St. Bonaventure University’s library versus its study lounges

Friedsam Memorial Library . photo taken by me

ST. BONAVENTURE, N.Y.—Junior Ashley Ross sits, watching the time pass on her phone, laptop nowhere in sight. A backpack and books rest beside her. Tick. She waits for the strike of 4 to take her shift at the library’s front desk. In her hands, Rhetoric: An Historical Introduction lies straddled. She utilizes the library’s overhead lighting and wooden furniture but nothing else. Why isn’t she in a study lounge?

Ashley Ross . photo taken by me

Accounting major Ross cozies up in the Friedsam Memorial Library at St. Bonaventure University every day to print papers, study and pass the time between classes or before work. She says she likes being able to come to this brick building more than to a lounge because the library gives her different things to do, such as using the computers.

With more than 250,000 volumes and 35,000 electronic titles, according to the university’s Web site, Friedsam sits in the center of Bonaventure’s campus in rural Allegany, N.Y. Three cement walkways and one beaten path guide library-goers to five steps and then a landing where smokers casually cast away their disposable companions.

After passing through the smoke, climbing the final two steps and then opening the double wooden doors, a rush of heated air blows past the student. No books yet, instead another set of double doors awaits. Someone’s girlfriend sits on the bench in this limbo, whispering so no one beyond either set of doors can hear her secret conversation.

Besides the library, Bonaventure has lounges in academic buildings, 24-hour lounges on every floor of residence halls and two additional lounges open 24 hours a day on campus, says the vice provost for student life, Richard Trietley.

Patrick Crowe . photo taken by me

Sophomore business information systems major Patrick Crowe says the atmosphere, consisting of books, tables and hushed readers, attracts students to study in the library more than in lounges. It reels him in four days a week for about three hours a day to study, talk with friends and rent movies.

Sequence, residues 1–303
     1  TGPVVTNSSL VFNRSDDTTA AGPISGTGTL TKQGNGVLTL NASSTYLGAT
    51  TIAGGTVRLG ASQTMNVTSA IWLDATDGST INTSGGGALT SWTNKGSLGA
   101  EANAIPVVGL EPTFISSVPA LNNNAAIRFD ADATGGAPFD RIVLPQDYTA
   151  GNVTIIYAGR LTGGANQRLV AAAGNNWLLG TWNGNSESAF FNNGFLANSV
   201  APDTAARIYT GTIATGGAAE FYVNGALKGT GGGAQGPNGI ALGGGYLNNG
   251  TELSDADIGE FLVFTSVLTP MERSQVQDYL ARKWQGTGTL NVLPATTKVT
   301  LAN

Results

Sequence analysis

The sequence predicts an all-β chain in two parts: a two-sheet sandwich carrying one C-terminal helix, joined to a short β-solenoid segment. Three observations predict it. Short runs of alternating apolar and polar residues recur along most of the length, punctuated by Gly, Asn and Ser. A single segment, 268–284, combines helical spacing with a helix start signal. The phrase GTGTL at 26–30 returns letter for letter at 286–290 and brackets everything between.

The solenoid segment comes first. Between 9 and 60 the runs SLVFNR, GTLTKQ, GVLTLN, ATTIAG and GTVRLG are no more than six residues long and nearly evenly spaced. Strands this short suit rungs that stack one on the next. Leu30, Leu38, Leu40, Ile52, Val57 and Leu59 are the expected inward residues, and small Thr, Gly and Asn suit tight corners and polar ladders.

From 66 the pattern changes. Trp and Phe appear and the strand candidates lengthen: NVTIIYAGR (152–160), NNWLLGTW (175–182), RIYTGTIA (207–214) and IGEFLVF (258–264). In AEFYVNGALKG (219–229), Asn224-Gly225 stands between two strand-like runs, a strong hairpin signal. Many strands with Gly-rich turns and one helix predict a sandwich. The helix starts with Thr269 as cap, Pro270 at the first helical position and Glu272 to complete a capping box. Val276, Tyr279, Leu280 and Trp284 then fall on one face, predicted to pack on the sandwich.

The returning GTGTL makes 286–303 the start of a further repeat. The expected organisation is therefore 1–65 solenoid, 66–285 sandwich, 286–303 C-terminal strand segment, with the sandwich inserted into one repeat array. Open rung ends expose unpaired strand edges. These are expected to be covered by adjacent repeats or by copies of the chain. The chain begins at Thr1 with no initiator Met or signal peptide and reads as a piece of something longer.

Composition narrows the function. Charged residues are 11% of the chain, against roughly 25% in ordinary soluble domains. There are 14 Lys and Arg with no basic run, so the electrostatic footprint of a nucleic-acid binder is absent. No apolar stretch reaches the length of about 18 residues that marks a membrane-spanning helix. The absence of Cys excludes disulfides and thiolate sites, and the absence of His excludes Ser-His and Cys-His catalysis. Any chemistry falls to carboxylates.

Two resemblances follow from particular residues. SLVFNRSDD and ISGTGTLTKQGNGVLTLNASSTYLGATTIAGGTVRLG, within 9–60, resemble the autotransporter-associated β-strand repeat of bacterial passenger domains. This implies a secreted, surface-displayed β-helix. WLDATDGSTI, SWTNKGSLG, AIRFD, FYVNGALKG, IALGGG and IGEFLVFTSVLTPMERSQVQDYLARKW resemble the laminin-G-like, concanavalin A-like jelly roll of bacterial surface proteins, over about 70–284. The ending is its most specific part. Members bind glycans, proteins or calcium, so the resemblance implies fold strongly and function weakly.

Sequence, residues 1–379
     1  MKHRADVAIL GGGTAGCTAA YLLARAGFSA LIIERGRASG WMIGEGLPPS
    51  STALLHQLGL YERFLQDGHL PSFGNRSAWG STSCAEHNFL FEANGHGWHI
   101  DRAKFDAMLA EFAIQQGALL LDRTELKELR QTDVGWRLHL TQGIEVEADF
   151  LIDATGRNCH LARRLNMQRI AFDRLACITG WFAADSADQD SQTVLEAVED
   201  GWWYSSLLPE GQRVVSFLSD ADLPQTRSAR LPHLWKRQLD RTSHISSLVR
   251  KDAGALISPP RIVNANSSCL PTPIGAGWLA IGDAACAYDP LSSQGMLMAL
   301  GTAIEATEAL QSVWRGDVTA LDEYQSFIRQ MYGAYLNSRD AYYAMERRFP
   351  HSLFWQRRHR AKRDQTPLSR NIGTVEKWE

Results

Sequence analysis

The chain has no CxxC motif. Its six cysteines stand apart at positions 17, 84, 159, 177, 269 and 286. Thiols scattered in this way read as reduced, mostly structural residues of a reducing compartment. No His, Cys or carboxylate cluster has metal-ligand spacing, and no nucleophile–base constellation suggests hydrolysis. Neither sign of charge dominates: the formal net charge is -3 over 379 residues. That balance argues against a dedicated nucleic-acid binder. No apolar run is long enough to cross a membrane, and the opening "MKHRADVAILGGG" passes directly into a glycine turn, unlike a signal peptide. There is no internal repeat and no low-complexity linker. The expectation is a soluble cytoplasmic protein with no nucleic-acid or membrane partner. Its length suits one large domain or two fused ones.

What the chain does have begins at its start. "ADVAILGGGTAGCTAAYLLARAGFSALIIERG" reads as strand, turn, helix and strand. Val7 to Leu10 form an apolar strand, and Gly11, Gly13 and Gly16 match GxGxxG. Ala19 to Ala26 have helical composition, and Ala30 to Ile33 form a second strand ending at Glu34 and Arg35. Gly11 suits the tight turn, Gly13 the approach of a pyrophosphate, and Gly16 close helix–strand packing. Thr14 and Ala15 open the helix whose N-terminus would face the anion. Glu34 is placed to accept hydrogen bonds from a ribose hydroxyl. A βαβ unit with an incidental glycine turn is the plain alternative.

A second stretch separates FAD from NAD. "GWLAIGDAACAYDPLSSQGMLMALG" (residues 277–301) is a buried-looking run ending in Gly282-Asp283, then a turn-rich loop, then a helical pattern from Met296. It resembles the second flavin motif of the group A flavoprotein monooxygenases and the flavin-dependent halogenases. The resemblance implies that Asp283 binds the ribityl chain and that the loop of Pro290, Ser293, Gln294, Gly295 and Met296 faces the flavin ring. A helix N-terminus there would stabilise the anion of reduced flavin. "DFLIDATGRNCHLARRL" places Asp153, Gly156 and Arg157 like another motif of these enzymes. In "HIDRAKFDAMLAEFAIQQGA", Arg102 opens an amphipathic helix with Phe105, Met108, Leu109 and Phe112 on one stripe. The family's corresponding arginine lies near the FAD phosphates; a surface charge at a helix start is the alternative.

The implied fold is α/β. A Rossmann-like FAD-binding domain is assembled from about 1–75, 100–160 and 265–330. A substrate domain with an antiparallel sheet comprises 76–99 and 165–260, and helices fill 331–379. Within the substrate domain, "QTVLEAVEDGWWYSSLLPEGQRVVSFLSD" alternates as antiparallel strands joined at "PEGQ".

“It’s the place to study… it’s socially accepted” to be in the library, says freshman English major Jessica Richardson. Movies, television shows and novels portray libraries as places to study and thus created this stereotype for her.

However, Richardson frequently finds herself in a comfortable chair in the Thomas Merton Center, one of the two 24-hour campus lounges, because she needs background noise to study, she says. She has a 3.8 GPA on a 4.0 scale.

Jessica Richardson . photo taken by me

Buried in his Campbell & Reece biology book and surrounded by notebooks and loose paper, Lucas Mosher says he spends a couple of hours in Friedsam every day. The freshman biology major does not care where he studies, but he needs quiet … and his coffee.

Among places he has studied including Café La Verna (an addition to the dining hall at Bonaventure), the Thomas Merton Center and the library, Mosher says the library most closely fits his criterion. However, University Ministries is suitable, too.

With a 3.27 GPA, he says he has scrolled through the online databases for one writing course last semester, but now his library visits consist of studying.

Many university libraries, including Friedsam, subscribe to databases to provide faculty and students with online access to journal articles. The subscriptions deplete more than a third of Friedsam’s budget, says Paul Spaeth, the director of Bonaventure’s library. The library must pay to become a member and then pay yearly for subscriptions to databases.

Universities have begun the notion toward eliminating on-campus libraries and instead relying on online database access, says Spaeth.

The Bonaventure community, however, does not want to eliminate Friedsam, Spaeth says. Students such as senior sports studies major Cecilia Poremsky agree, saying that they still want books and a quiet place to study.

Poremsky says she has checked out books for The Catholic-Franciscan Heritage and Foundations of the Western World, both required core-curriculum classes at Bonaventure. She has used online databases about once a week for four classes, but her library visits typically consist of studying.

With a 3.6 GPA, Poremsky says that she hasn’t studied in a lounge because people walk in and out of them, creating noise.

Junior education major Lindsey Peterson studies on the floor designated for silent study in the library. She says she can’t study in lounges because she can hear people talking, providing with her opportunities to eavesdrop and lose concentration. No one talks on the quiet floor, giving her an environment in which she can concentrate and maintain her 3.95 GPA, says Peterson.

Perhaps if the university advertized the available lounges as places to study for Bonaventure students, more would take advantage of the space, says Poremsky.

Currently, students nap, microwave instant meals, eat, talk with friends in person and on the phone and watch television in the lounges Bonaventure provides, they say.

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